Since we gained independence from the British in 1948, the country has had two Governors General, one Constitutional President and six Executive Presidents. We have also had three constitutions.
The first constitution, (the Soulbury Constitution) imposed by the British, gave the country a parliamentary democracy, based on the Westminster model in Britain with the Queen of England as head of state, represented by her Governor General. The Senate and the House of Representatives exercised legislative power and the term of the House was five years. The Senate consisting of 30 members (15 elected by the House and 15 appointed by the Governor General) was abolished in October 1971.
In 1972,Sirimavo Bandaranaike -- the world’s first female Prime Minister -- used parliament as a Constituent Assembly to draft a new Republican Constitution, which was promulgated on May 22, 1972. Under the 1972 constitution, the name of the country was changed from ‘Ceylon’ to ‘Sri Lanka’, the legislature changed to a single chamber, renamed itself as the National State Assembly, declared the country a Republic state, replacing the Queen as Head of State with a Constitutional President appointed by the Prime Minister and the term of office of the assembly increased to six years.
Before the 1977 general elections, the United National Party (UNP) sought a mandate from the people to adopt a new constitution; the party won the July 1977 election with a five-sixths majority. It passed the second Amendment to the 1972 Constitution on October 4, 1977 introducing the concept of an Executive President. The Prime Minister Jayawardene, declared himself Executive President on February 4, 1978.
The regime then promulgated the new Constitution on September 7, 1978, which provided a unicameral parliament and an Executive President. The term of office of the President and the duration of parliament were both set at six years. The new Constitution also introduced a form of multi-member proportional representation for elections to parliament. Parliament was to consist of 196 members. From its inception, the new Constitution came under fire, especially regarding the extent of executive power devolved on the holder of that post. Other than President Premadasa, who was elected into office when JR’s term expired, all Presidential candidates who contested the Presidency, came to office on a promise of abolishing the executive Presidency and putting in place a new Constitution.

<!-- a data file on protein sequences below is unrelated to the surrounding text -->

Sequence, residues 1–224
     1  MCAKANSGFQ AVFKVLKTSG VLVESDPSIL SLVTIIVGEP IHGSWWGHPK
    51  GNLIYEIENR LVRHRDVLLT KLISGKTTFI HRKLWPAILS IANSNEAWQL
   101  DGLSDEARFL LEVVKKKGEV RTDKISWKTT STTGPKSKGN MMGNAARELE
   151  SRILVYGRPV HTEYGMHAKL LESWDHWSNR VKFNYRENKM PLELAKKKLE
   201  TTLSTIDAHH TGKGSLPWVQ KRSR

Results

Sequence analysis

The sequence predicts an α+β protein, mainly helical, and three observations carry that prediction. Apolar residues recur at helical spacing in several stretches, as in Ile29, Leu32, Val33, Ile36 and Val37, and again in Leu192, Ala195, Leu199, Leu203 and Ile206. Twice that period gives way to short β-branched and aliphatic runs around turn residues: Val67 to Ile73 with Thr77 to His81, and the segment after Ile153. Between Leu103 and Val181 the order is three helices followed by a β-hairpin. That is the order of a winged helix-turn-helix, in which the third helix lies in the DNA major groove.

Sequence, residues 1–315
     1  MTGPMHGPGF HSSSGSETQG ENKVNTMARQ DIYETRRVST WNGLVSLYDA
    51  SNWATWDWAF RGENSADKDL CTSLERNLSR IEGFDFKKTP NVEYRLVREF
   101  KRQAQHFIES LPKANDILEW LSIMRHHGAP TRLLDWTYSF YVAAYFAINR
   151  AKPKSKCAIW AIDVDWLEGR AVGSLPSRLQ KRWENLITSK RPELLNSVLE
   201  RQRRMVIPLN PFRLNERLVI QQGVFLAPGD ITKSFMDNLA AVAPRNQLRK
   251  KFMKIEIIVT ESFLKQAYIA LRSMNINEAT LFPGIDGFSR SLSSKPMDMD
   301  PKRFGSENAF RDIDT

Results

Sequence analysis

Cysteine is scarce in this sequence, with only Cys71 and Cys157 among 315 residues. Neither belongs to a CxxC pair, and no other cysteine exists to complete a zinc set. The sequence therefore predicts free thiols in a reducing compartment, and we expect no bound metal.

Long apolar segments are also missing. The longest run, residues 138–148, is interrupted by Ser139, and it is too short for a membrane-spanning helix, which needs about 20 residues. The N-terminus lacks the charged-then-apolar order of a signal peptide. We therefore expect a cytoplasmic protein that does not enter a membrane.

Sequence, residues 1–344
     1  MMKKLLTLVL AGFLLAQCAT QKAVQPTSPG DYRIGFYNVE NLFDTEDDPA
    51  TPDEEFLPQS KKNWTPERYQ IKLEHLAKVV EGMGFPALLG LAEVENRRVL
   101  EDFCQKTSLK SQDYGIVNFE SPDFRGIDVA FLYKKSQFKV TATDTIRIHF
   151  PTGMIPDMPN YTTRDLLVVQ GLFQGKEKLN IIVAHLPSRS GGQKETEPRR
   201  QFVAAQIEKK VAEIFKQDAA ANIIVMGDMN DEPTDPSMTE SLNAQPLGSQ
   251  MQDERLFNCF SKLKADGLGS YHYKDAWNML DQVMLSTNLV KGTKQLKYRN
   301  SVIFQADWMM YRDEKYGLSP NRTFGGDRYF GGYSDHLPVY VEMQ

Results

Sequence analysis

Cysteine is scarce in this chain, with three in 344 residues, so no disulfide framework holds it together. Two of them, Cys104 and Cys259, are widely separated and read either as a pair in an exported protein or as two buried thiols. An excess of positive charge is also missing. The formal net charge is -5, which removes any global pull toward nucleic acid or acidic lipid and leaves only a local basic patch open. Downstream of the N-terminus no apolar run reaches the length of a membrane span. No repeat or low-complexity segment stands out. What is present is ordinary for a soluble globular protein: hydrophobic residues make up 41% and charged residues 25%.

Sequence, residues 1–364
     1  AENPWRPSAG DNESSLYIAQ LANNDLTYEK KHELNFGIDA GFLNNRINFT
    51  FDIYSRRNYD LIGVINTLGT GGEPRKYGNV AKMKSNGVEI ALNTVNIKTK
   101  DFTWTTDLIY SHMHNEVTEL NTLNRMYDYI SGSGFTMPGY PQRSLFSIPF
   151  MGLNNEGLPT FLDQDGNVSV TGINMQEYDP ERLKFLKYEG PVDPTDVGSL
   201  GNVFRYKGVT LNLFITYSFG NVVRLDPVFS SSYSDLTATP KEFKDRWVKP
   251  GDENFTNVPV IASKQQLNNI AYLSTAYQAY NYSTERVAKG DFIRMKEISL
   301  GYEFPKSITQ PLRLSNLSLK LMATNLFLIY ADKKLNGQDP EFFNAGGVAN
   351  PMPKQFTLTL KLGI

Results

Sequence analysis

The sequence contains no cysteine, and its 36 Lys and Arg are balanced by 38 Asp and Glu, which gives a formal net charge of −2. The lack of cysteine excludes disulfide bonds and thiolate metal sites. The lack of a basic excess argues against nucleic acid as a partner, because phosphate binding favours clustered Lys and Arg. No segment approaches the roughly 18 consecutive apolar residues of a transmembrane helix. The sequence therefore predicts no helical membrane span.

President Chandrika Bandaranaike Kumaratunga, one of the biggest critics of the 1978 Constitution won the Presidential election in 1994 and came to power on the promise of abolishing the executive presidency and what she referred to as ‘the bahubutha Constitution of 1978’.To her credit, it must be said she did make an effort to change the Constitution, but her efforts were defeated in parliament amid scenes of hooliganism in the well of the House.
President Mahinda Rajapaksa who followed Ms. Kumaratunge as President, too made mention of abolishing the executive presidency, but made no serious effort to abolish it during his term of office. In fact he went a step further and brought in an Amendment to the Constitution, to extend his term in office.
Incumbent President Maithripala Sirisena took the promise of abolishing the post of Executive President to a new level during his Presidential campaign, promising to be a one-term President, changing the Constitution and abolishing the post of Executive President. Unfortunately, once in office his position shifted. He has attempted to extend his Presidential term and even suggested he was willing to contest a future Presidential election!
Today, 41 years after then Prime Minister JR Jayawardene appointed himself as the first Executive President, with the blessings of his the then five-sixths majority in parliament, the executive presidency in Sri Lanka seems to be in no danger of being abolished. The last hurried move to abolish the post of Executive President via the 20th Amendment to the Constitution was roundly defeated at the Cabinet meeting of September 19, 2009.
It was in fact, an exercise in futility. The date of the next Presidential election had been announced. Given the fact that government did not have a required 2/3rd majority in parliament, the legislation would need to be ratified by a referendum. Therefore today, the much maligned Constitution of September 1978, still stands. Any talk of abolishing the post of the Executive President is taken by the masses of this country as a bad joke or with ‘a pinch of salt’.
On November 6, 2019, Sri Lankans will troop to the poll in their numbers and elect the next Executive President. Cheap politicians may come and go, but the post of the Executive President and the ‘Bahubootha Constitution’ will live on to to haunt the country for many years to come.